Local aviation experts said safety is the top concern if air traffic control tower services are discontinued overnight at Toledo Express Airport.
About a dozen people gathered Thursday at the Grand Aire Charter at the airport to collaborate on ideas for a letter-writing campaign to express their feelings about the potential nightly closure between midnight and 6 a.m.
Micah Maziar, president of the local National Air Traffic Controllers Association union, said the potential budget cuts from the Federal Aviation Administration, because of sequestration, could compromise safety on multiple levels.
“It's a slippery slope if they close,” he said.
The FAA last week listed 149 airports in three dozen states for which it intends to eliminate tower operations provided by contractors. The targeted towers all have fewer than 150,000 takeoffs and landings or 10,000 commercial flights a year.
The FAA is studying the potential for closures at dozens of others, including Toledo Express, that are operated by federal employees.
Sequestration’s across-the-board cuts of $85 billion started at the beginning of the month. The FAA is to absorb $637 million in cuts by Sept. 30.
During closure hours, the Cleveland Air Route Traffic Control Center would take over, but it does not provide assistance at all flight altitudes, according to a letter provided at the meeting from the local union.
For example, Mr. Maziar said, if two medical helicopters are flying lower than normal, they will not be able to detect each other, and will have to communicate with each other directly instead of through the tower.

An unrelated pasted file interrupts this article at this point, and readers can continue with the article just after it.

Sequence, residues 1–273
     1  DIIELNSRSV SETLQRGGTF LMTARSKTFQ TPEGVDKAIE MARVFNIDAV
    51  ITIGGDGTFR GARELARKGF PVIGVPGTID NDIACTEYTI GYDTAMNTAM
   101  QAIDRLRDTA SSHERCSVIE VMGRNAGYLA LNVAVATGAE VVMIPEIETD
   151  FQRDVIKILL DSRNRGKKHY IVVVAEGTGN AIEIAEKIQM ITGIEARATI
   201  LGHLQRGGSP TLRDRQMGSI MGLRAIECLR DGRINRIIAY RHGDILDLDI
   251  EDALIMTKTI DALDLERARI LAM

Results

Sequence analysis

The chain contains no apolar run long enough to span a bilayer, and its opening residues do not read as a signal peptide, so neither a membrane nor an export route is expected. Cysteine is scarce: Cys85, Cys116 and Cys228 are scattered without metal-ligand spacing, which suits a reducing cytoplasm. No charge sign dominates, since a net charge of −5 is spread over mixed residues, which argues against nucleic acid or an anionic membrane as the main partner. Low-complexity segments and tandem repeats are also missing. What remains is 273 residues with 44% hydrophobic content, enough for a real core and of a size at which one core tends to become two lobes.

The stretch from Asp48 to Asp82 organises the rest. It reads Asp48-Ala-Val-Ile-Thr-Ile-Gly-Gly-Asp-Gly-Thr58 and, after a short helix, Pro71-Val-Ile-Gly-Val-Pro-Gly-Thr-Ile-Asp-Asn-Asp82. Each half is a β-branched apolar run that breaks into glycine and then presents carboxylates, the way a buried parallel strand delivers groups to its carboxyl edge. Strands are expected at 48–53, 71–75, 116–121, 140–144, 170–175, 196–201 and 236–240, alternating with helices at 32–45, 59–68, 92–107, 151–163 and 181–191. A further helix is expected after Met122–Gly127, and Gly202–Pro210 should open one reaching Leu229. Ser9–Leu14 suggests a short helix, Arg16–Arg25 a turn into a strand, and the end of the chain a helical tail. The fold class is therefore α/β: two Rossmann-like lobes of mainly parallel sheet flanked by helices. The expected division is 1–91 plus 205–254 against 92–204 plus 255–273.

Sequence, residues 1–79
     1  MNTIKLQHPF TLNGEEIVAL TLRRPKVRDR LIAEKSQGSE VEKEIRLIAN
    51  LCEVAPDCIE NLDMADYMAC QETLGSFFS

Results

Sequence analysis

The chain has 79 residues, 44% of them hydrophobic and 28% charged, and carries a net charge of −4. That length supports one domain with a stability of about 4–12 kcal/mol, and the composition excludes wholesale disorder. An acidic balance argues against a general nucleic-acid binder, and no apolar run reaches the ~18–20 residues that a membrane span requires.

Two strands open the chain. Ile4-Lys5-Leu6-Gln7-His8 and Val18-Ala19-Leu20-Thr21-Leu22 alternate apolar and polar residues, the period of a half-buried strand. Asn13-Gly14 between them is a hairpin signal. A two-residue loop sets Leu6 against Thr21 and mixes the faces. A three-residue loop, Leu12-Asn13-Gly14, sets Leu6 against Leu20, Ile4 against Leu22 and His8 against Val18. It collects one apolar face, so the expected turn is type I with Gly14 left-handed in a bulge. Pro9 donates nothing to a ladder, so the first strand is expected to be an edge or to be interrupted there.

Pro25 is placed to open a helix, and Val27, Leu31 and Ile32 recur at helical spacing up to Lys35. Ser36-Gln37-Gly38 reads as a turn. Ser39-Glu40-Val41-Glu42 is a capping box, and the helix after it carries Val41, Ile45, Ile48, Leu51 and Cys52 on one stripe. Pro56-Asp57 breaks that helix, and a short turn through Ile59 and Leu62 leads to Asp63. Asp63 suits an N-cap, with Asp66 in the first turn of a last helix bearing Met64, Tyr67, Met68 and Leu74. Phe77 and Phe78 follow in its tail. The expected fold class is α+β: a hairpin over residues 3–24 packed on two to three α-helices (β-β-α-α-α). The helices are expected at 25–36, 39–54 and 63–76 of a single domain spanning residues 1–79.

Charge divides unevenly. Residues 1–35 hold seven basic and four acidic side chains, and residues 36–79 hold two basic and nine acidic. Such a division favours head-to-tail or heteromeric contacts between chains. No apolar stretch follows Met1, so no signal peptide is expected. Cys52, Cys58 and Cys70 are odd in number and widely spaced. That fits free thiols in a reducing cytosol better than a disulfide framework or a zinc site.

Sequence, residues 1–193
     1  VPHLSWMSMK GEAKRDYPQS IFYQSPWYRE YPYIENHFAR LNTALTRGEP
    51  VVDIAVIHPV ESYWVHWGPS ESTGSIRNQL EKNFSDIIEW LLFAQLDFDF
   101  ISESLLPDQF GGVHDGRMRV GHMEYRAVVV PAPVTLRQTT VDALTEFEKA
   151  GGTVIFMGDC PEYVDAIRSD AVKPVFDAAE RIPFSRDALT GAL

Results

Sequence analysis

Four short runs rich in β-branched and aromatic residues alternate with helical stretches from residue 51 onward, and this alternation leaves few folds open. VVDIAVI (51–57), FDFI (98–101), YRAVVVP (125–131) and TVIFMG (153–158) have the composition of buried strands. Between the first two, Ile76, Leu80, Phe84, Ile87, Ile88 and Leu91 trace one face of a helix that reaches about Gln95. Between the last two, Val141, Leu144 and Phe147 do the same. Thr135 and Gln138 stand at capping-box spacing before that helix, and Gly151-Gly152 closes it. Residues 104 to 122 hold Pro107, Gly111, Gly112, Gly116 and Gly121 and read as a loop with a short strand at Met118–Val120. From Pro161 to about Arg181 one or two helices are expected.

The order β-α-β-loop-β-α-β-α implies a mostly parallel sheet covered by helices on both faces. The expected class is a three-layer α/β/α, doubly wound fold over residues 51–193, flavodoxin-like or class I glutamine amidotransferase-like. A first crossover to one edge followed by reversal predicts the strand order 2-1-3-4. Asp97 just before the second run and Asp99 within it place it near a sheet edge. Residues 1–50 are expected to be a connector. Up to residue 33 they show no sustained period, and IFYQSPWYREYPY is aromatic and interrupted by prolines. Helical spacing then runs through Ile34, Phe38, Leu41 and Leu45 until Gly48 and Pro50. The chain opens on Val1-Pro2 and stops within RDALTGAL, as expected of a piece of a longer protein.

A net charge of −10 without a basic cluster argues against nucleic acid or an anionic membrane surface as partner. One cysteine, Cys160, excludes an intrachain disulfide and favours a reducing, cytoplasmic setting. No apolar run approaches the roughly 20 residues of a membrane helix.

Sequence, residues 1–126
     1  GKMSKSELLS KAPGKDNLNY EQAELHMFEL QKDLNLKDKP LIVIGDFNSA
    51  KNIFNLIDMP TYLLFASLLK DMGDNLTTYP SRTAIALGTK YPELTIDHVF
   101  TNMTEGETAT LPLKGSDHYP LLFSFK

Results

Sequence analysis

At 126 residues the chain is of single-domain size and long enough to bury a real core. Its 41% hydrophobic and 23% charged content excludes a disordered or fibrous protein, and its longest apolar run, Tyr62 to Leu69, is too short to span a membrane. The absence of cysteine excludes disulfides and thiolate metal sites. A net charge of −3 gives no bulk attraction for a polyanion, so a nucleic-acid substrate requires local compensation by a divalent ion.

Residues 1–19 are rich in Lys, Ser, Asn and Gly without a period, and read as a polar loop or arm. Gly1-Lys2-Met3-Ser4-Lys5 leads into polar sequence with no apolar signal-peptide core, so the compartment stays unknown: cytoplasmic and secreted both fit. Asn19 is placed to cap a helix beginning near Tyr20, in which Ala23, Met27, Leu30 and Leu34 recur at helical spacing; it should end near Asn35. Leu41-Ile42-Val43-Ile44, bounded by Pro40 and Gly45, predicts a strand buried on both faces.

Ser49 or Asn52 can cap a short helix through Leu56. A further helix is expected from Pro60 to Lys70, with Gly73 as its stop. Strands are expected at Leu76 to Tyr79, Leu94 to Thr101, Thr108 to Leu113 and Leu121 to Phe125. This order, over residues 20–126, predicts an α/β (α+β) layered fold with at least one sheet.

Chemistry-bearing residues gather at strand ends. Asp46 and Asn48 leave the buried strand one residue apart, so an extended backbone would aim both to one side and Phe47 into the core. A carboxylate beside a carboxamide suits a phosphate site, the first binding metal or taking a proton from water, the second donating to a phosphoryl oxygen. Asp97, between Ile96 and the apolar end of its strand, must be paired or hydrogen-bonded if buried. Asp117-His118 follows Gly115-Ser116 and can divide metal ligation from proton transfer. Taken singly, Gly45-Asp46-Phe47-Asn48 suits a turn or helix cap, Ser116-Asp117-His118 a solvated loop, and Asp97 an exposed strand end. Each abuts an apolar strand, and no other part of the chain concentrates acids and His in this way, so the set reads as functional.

“It slows the operation down. We’re just gonna hope that nobody gets hurt in the process,” Mr. Maziar said.
He said weather reporting also would be affected by closing the tower at night.
“It wouldn’t be the most up-to-date information,” he said.
The air traffic control staff has 30 employees and if the night shift is canceled, it would mean two fewer working shifts per week.
To help cut costs, Mr. Maziar said each employee will have one furlough day per pay period, starting in April.
Union rules require that the association was notified by certified mail, 30 days prior to the first furlough day.
While he said the negotiations have been “very collaborative,” he said the furloughs could cause problems if equipment fails.
If an employee is out on a furlough day, equipment might not be fixed until that particular employee with specific knowledge returns.
But Mr. Maziar isn’t ready to give up.
He has encouraged the businesses that operate at the airport to write to the FAA, declaring a need to keep the air traffic control center open late.
The FAA is conducting a study to evaluate ‘traffic densities, hours of operation, staffing levels, equipment requirements ...,” a union letter stated. The study, expected to be concluded by mid-April, will determine whether the tower at Toledo Express will close.
He was hopeful that the letter-writing campaign would make an impact.
“If it doesn’t, we have to prepare. We need the users to make your voice heard,” he said.
Ryan Moore, chairman of the Northwest Ohio Aviation Council who attended the two-hour meeting, said the potential closure could affect competition of airport services, especially for attracting clients who want to fly in people or cargo during overnight hours.
Andy Lorenz, a representative from the office of U.S. Rep. Bob Latta (R., Bowling Green), said he spoke with Mr. Latta on Thursday about the situation and that the office is “looking at ways that we can assist.”
“I got 13 reasons why [the control center should be kept open overnight] and most of them are safety related,” Mr. Moore said.
Contact Kelly McLendon at: email@example.com or 419-724-6522, or on Twitter @KMcBlade.